Guide to HDR (High Dynamic Range) Photography
If you’ve ever taken photos of a subject under sunny skies, where the brightness and contrast range are high, the chances are you either lost details in the subject or the sky is blown out. This is because the difference between the brightest and darkest areas, or Dynamic Range, is too wide that you can’t capture them both in a single shot. In this article, we will explain the HDR approach to overcome this problem.
First of all, let’s start with understanding “Dynamic Range” in photography. Dynamic Range described the ratio between the brightest and darkest areas. Our eyes far surpass in distinguishing the brightness than the camera. The human eye can see a range of approximately 10,000:1, while a digital camera can capture about 1,000:1. Conventionally, one would expose for the object and the sky blown out, or expose for the sky and the subject is totally dark.
At the core concept of HDR is taking two or more bracketed photos – which is photos of the same subject with varying shutter speed or aperture combinations to cover a wide range of luminosity of the subject. Then, using a post-processing software such as PhotoDirector to blend the photos together and create a single image with the most lit and colors of the subject.
What you will need to create an HDR image:For best results, here is what we recommend:
- A digital camera, with or without Auto Exposure Bracketing function. If it doesn’t, then a tripod is a must. Without Bracketing, you can manually change shutter speed and aperture settings between each shot. But, you have to make sure, your camera is still (no movement between frames) or the photos won’t line up in the editing software.
- A tripod or any other type of stabilizer. This is highly recommended for best results. If your camera is equipped with Auto Exposure Bracketing, you can shoot without a tripod. Make sure you set the shutter to high speed continuous mode to minimize movement between frames. When you blend the photos, PhotoDirector comes with image alignment feature, which will only work to certain extend. The best plan is to take all measures for a stable sequence of shots.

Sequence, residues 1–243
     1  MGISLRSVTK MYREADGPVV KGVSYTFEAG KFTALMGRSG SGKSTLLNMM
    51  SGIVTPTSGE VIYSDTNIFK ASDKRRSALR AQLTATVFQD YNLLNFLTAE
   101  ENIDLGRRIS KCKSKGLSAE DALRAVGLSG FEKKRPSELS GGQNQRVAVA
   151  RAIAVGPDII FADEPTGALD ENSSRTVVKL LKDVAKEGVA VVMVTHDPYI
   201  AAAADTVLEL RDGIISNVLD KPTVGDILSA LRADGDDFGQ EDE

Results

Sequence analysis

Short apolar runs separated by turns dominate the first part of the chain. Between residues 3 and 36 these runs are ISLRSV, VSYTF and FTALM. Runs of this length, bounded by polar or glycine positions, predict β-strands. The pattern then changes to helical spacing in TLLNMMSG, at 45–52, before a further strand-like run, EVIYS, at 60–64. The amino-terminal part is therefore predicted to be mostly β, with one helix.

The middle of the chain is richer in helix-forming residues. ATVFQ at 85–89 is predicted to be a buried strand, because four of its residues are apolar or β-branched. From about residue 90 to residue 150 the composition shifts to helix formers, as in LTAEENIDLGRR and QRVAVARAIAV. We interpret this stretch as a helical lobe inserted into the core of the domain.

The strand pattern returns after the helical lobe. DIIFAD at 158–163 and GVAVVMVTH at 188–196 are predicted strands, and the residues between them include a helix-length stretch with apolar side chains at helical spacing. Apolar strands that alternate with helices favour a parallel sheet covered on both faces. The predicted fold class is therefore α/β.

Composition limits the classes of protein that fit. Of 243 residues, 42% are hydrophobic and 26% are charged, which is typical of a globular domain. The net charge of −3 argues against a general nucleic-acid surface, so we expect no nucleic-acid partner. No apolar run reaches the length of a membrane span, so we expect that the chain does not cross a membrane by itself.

- HDR photo-blending software (PhotoDirector). There are a number of different programs out there, in this tutorial, we will be using PhotoDirector. It sports six different photo-blending algorithms going from a more realistic to surrealistic look, you should be able to achieve the look you want.
Once you have all the equipment, it’s time to go out and take some pictures. Here are a few tips for getting good pictures:
- For intense contrast, such as sunrise or sunset, take several photos of different exposures in manual mode to make sure you capture a wider range of light.
- HDR and exposure bracketing is meant for still subject. You won’t be able to capture a moving subject easily. Choose a scene that isn’t going to move drastically for at most 10 second.
- Choose a high speed memory card. Faster write speeds will help reduce the time your camera takes to store your shots
- Shoot in RAW for better quality.
- Take 3 or 9 photos of different exposure to make sure you cover all the light range. You don’t necessarily have to blend all of them in PhotoDirector, sometimes blending 2 or 3 photo will produce the optimal visual effect.
- Experiment and play around with it. It takes time and patience, but once you get the feel, you can have lots of fun with the artistic effects.
How to blend photos using PhotoDirector
First of all import the bracketed shots to the library:
Select Edit and choose “HDR” on the left panel:
Drag and drop photos into the main panel. You can merge up to 5 bracketed shots. In this example, I will merge 3 photos: one underexposed to capture color of the sky, one for midtones and the last one for highlights.
Select a main photo and click on merge to process HDR.
You can further adjust HDR effect using the quick preset selection or manually adjust the Glow, Edge, Detail, and Tone to bring out the HDR effect you want. Don’t be afraid to try, nothing will be changed on your original images.
Once you are happy with the result, click on “Save”. When you return to the PhotoDirector main interface, the HDR photo will be automatically imported to your library.
Usually in the HDR result image, dust spots become more obvious. So, make sure to clean up the spots using the the Clone/Heal tool:
And now here is the final image: